www.CalCars.org prides himself on being an early adopter. In the last 30 years, Kramer has launched a handful of what he calls “first ever” companies, and invested much of the profits in CalCars, an organization of entrepreneurs, engineers, environmentalists, and consumers launched in 2002. Its mission: to convince the world’s largest car builders to manufacture autos that plug into the wall and use even less gas than today’s hybrid cars. Kramer admits that it isn’t cheap to convert a hybrid to a Plug-in Hybrid Electric Vehicle (PHEV). He paid $15,000 to turn his top-of-the-tine $26,000 Prius hybrid into a plug-in. But once carmakers start mass-producing PHEVS, he predicts, the incremental cost will drop to $3,000-$5,000 above that of a standard hybrid.

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Howard Gardner’s “Five Minds for the Future” [Change)Waves / Social Technologies]

by Hope Katz Gibbs
Social Technologies
Change)Waves newsletter
Premier Issue / Fall 2007

In his latest book, “Five Minds for the Future,” psychologist Howard Gardner breaks from his usual approach of describing the operations of the brain. Instead, the author who is best known for his controversial theory of multiple intelligences focuses on the skills and understandings people will need to develop to thrive in the future. “Why the shift from description to prescription?” he asks in the introduction to his 196-page book, published by Harvard Business School Press. “In the interconnected world, in which the vast majority of human beings now live, it is not enough to state what each individual or group needs to survive on its own turf. “Further, the world of the future—with its ubiquitous search engines, robots, and other computational devices—that demand capacities that until now have been mere options. To meet this new world on its own terms, we should begin to cultivate these capacities now.”

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Social Technologies ) Trend Letter / Special Report

Special Report by Social Technologies
Contributing authors: Futurists Josh Calder, Chris Carbone, Laura Hudgins
Managing Editor: Hope Katz Gibbs
Outlook 2007

For this Special Report, I was the managing editor of Trend Letter, a newsletter by Briefings Publications. I commissioned Social Technologies founder Tom Conger and a team of his futurists (Josh Calder, Chris Carbone, Laura Hudgins) to provide information for this Outlook issue. They came up with the Top 15 Drivers for the Economy (see list below), and continued to flesh out the drivers’ applications in subsequent monthly columns by Tom—who continues to provide monthly columns for Trend Letter.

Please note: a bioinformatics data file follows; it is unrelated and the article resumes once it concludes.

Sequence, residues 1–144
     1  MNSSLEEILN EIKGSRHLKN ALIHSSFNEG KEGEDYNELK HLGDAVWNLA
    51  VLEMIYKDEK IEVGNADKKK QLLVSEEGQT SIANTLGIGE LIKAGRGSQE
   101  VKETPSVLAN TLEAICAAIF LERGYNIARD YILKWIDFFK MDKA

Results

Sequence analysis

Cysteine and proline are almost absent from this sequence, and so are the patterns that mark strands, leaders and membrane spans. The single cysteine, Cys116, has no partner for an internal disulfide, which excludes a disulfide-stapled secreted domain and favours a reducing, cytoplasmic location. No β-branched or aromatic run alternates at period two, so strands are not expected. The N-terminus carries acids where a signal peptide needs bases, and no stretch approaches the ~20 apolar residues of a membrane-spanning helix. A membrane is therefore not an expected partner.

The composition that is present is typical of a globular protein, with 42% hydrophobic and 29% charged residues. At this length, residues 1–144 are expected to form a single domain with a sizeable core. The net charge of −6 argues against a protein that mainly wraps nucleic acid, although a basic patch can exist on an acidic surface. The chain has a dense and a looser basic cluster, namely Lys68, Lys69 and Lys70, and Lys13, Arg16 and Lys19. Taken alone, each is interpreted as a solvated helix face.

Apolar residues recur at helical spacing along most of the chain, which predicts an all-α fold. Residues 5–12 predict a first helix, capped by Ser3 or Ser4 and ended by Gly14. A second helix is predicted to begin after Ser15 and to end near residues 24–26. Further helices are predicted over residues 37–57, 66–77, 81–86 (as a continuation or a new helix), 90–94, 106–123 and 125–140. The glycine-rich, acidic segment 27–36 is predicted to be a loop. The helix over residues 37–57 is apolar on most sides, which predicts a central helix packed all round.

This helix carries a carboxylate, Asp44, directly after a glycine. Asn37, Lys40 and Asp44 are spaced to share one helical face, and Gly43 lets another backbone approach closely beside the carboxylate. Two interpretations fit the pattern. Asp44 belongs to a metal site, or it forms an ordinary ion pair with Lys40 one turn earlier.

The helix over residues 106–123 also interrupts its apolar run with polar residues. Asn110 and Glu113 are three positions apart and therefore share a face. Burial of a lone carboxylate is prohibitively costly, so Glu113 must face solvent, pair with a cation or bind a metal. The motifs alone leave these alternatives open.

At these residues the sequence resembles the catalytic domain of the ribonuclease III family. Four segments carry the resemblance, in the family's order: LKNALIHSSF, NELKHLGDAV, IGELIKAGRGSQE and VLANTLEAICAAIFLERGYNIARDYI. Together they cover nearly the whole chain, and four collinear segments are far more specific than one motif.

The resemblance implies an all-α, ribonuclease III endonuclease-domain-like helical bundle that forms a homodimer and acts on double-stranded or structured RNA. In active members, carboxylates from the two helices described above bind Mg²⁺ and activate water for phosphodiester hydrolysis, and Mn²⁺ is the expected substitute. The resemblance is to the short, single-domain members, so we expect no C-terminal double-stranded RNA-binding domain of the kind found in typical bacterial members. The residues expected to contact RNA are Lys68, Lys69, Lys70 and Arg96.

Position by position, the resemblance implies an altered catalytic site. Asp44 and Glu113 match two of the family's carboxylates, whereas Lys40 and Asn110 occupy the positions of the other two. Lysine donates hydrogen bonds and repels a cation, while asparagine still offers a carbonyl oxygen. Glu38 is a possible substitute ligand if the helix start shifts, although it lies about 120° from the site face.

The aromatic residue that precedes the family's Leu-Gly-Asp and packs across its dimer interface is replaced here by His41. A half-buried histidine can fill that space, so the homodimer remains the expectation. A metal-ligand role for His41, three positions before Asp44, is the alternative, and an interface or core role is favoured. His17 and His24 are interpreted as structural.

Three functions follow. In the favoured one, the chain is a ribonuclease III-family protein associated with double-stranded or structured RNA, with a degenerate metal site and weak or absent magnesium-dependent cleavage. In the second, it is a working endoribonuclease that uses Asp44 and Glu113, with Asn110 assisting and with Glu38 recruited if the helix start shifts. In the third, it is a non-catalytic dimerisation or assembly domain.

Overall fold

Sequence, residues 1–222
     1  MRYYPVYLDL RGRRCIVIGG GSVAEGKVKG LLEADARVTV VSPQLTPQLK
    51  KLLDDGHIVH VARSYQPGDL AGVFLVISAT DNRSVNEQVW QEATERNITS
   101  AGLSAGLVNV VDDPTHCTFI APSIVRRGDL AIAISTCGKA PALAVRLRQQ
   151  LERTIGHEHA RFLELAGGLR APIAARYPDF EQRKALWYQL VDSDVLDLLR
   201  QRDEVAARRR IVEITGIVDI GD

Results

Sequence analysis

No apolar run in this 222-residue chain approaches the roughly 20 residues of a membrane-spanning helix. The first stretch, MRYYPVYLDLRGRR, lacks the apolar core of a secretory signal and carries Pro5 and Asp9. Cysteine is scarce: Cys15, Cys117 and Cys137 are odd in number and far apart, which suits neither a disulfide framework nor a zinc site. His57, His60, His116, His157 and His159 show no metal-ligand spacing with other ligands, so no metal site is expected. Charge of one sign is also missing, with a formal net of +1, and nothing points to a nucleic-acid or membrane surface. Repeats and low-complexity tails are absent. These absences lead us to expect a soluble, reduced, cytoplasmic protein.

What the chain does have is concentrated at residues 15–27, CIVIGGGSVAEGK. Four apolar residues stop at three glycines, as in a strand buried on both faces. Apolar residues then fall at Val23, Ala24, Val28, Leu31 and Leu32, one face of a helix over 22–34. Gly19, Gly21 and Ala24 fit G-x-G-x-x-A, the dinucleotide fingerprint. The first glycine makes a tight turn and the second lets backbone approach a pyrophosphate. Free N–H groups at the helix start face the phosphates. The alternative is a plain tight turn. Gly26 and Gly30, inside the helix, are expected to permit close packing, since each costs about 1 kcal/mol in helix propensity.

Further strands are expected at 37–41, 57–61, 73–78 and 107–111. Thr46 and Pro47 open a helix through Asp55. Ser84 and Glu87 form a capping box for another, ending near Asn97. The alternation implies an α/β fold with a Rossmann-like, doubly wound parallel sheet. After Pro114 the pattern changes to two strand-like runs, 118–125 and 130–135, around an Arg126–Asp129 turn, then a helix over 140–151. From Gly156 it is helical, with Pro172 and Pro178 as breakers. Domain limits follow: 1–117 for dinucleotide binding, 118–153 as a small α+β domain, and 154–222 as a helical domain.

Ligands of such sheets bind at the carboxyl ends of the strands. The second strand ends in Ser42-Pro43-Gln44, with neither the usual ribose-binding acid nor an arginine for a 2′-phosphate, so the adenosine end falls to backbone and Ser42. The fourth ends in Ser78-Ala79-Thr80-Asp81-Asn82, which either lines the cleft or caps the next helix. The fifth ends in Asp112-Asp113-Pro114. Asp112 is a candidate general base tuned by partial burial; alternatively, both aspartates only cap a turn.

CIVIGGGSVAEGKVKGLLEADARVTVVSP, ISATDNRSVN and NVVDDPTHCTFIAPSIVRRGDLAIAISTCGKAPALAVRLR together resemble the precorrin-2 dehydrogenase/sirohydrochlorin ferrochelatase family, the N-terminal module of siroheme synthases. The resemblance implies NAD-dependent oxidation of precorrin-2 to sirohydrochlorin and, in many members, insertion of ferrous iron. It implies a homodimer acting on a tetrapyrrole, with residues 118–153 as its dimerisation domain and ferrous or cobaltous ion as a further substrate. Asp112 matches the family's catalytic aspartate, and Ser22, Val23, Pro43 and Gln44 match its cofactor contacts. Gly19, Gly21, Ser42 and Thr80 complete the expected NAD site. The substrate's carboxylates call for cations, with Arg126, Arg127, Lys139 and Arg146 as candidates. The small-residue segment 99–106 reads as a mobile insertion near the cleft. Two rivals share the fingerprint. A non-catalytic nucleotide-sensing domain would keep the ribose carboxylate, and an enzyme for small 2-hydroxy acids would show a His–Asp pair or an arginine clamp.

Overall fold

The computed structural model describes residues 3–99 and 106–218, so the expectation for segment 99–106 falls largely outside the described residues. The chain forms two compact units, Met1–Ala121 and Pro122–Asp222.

Aging / Family / Asia / Immigration / Culture / Time / Monetization / Ethics / Transparency / Personalization / Networking / Health / Creativity / Women / Simplicity

For details, read entire article …

Copyright by Briefings Publishing Group, a division of Douglas Publications, LLC. All rights reserved. Reproduction of these issue samples in whole or in part without permission is prohibited. For more information, visit www.briefings.com.

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The Future of Love [Social Technologies]

Social ) Technologies
1776 Massachusetts Avenue, NW, Suite 815
Washington, DC 20036
Main office: +1 202 223 2801 www.socialtechnologies.com
Email: Hope Katz Gibbs
Image: Love Sister 72, flickr

THE FUTURE OF LOVE: 10 Forecasts for Cupid

Washington, DC, February 14— Love’s yearnings may be eternal, but how we act on them keeps changing, according to the futurists at the DC-based research and consulting firm Social Technologies. This Valentine’s Day, they believe the future promises new ways to connect with that special someone—and suggest lovers are likely to try every technology that comes to hand in this timeless pursuit.

Consider these 10 forecasts for Cupid:

1. Location-based dating
2. The new infidelity
3. Together apart
4. Virtual therapy
5. Scientific pairings
6. Remote intimacy
7. Love potions
8. Pleasure bots
9. Brain sex
10. People will be people

For more explanation, read entire press release …

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Thinking about the Future [Social Technologies]

Social ) Technologies
1776 Massachusetts Avenue, NW, Suite 815
Washington, DC 20036
Main office: +1 202 223 2801 www.socialtechnologies.com
Email: Hope Katz Gibbs

THINKING ABOUT THE FUTURE: Guidelines for Strategic Foresight

Edited by Andy Hines and Peter Bishop
LLC
Publication Date: February 28, 2007
Price: $19.99/softcover // ISBN-13: 978-0-9789317-0-4

Andy Hines and Peter Bishop publish an essential reference guide to help executives, analysts, and educators prepare for the future

“This highly scannable book provides examples, benefits, and key steps that will help leaders securely position their organizations for years to come.” — David Smith, Charles E. Smith Companies

April 2, 2007, Washington, DC—“There has perhaps never been a time in human history when strategic foresight is more needed,” says futurist Andy Hines in the introduction to his new book, Thinking about the Future: Guidelines for Strategic
Foresight (Social Technologies, 2007).

Precious little guidance is available for executives, analysts, and educators seeking the best way to plan and prepare for the future. That is why Hines and co-editor Peter Bishop put together the 231-page paperback, which distills the expertise of 36 world-renowned futurists into an easily scannable guidebook.

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The Future of Youth Happiness [Social Technologies]

Social ) Technologies
1776 Massachusetts Avenue, NW, Suite 815
Washington, DC 20036
Main office: +1 202 223 2801 www.socialtechnologies.com
Email: Hope Katz Gibbs

THE FUTURE OF HAPPINESS: MTV / Social Technologies / AP Study Finds Today’s Youth Pragmatic in Their Pursuit of Happiness

Washington, DC, July 27, 2007—What makes 12-24 year olds happy? That was the question MTV executives hired the futurist consulting and research firm Social Technologies to answer earlier this year. “We knew friends and technology would be important to this demographic, but going in we also had the preconceived notion that 12 to 24 years olds were slightly indifferent, self-serving, and perhaps even a bit apathetic,” explains Andy Hines, Social Technologies’ director of custom projects, who led the study. “The biggest thing we learned was never judge a book by its cover.” Here’s why.